3. Continuous Improvement: This step is about having a rock-solid process that is both adaptable to new platforms and technology, but also easy to reference at your convenience.
The first two steps should take 45-60 days, which will undoubtedly impress your higher-ups. However, it’s this third and final step that takes the most time and requires continual attention.
The trick is to determine, not only which actions need to be taken, but also in what order they should be handled. There are always so many potential options and opinions of how to improve a website’s design, but it’s important to invest your time and the time of the relevant departments wisely.
Website Hierarchy of Continual Improvement
Here is the website hierarchy of continuous improvement:Provide Focus: Find that metric, coined the ‘Focus Metric’, which is the most important indicator of success for your particular company. It can be website views, leads generated, click-through rate or any number of measurements. To assist in attaining improved performance in the Focus Metric, you need to identify the ‘Leading Indicators’, or smaller goals that help build toward the grander goal.
Set Clear Expectations: Make sure your team knows exactly what is expected of them, both as individuals and as a group.
Measure Progress: Regularly audit the site’s performance, making note of what is doing well and what isn’t. This helps to prioritize and determine where to invest your time. Continue to do research and brainstorm, but always with the Focus Metric at the forefront of your mind.
Once you’re done with all of this, repeat the cycle, then repeat it again. Your business is constantly evolving; your industry is as well. Technology advances rapidly and the world never stands still. So, why should your website go without update for months or years at a time, especially when that means spending more time and money in the future?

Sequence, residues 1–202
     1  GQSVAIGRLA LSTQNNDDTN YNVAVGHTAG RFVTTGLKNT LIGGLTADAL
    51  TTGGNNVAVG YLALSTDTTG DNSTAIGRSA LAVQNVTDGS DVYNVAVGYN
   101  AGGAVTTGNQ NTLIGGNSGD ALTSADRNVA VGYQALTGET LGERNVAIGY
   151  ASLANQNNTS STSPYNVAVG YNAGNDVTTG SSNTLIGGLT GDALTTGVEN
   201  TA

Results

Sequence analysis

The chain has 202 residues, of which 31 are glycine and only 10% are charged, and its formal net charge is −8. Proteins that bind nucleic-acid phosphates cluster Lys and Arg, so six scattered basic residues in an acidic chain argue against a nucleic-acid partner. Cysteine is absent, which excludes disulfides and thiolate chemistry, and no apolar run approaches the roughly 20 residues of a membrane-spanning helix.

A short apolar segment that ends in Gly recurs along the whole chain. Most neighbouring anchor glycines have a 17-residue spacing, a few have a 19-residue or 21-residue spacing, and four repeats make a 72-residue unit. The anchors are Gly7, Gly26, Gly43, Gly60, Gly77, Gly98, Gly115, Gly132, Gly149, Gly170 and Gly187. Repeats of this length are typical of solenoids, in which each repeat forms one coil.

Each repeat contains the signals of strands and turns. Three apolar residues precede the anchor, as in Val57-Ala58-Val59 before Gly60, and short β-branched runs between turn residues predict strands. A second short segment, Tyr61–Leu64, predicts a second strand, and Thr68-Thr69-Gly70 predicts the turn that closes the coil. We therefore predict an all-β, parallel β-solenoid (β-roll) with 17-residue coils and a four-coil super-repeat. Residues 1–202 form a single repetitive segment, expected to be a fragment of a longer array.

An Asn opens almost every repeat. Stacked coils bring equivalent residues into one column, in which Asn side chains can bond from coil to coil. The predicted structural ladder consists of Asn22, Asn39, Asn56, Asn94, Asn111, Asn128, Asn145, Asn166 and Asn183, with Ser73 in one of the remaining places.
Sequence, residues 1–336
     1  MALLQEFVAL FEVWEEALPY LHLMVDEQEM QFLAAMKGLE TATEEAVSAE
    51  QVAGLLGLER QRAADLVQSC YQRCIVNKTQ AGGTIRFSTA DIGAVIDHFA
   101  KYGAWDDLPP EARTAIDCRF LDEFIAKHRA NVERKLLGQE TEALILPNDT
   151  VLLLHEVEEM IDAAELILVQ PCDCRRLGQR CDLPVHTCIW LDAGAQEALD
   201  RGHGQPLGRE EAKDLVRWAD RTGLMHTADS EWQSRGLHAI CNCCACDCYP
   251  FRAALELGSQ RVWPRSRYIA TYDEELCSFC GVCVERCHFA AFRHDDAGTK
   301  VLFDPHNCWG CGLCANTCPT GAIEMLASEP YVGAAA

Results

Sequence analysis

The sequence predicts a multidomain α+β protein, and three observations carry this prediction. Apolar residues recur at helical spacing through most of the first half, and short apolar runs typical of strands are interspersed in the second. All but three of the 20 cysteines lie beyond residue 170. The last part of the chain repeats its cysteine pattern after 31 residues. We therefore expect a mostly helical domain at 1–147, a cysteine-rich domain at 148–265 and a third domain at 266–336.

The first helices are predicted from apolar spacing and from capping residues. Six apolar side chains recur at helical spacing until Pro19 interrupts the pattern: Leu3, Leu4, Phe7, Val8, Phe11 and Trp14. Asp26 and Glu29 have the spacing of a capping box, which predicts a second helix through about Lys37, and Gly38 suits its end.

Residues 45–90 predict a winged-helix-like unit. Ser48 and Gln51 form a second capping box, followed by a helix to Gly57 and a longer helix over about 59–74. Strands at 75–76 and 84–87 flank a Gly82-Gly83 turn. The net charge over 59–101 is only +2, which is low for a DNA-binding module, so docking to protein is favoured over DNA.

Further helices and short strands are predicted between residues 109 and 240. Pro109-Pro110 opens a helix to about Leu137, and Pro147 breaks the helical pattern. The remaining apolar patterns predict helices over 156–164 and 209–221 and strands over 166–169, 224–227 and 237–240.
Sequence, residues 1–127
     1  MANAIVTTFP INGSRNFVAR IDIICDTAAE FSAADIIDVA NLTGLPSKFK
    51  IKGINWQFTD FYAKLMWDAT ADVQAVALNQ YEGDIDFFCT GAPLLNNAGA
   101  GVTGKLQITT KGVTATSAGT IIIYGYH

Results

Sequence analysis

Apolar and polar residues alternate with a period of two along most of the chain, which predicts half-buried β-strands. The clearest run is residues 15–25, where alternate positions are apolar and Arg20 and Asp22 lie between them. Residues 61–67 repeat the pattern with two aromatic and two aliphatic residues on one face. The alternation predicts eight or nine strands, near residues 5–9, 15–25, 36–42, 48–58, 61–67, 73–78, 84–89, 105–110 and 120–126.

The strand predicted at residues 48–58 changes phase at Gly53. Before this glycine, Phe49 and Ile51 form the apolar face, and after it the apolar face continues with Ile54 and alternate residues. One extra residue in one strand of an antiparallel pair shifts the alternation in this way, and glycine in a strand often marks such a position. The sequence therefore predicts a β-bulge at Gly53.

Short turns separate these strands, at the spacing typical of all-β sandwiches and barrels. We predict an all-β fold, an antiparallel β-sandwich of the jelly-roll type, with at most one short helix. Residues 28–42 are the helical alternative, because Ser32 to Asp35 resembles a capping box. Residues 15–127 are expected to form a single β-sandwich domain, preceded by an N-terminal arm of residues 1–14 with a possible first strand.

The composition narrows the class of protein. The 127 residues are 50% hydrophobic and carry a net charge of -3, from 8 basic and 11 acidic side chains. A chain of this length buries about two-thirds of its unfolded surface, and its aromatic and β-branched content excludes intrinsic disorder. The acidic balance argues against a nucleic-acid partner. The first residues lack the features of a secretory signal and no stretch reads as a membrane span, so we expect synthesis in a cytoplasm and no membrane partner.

Lastly, remember to use ACTUAL data to make decisions and let that data speak for itself.Luke Summerfield
Program Manager, HubSpot
Elad Bleistein: Conversion Optimization - Case Study
The next speaker we hosted was Elad Bleistein, the CEO of PandaPepper, a digital marketing and analytics shop. He also used to be the head of marketing and business intelligence at Fiverr. He presented a real case study telling the story of an exciting SaaS platform.
The business in question is a B2B SaaS platform, targeting SMBs. Their marketing efforts weren’t paying off and the metric that they were interested in tracking was ‘revenue per new user’, as opposed to conversion rate. By the time PandaPepper was done with them, this measurement was up 419%!
One of the best ways to approach conversion optimization is through something called the Kaizen Cycle. Kaizen is Japanese for ‘improvement’ and, when used in the business sense, refers to activities that continuously improve all functions and involve all employees, from the CEO to the assembly line workers. In this context, there are four steps that you will need to do in this order:
In this way, your actions will be data driven, hyper measurable and have the potential for cross-functional agility, allowing all the functions needed to work in sync. And, after you’ve done all that, do it again.
When considering analytics, it’s important to understand its function and make sure to find the MVP (Minimum Viable Product), in order to be efficient with resources. Therefore, you must understand the process in order to avoid paralysis.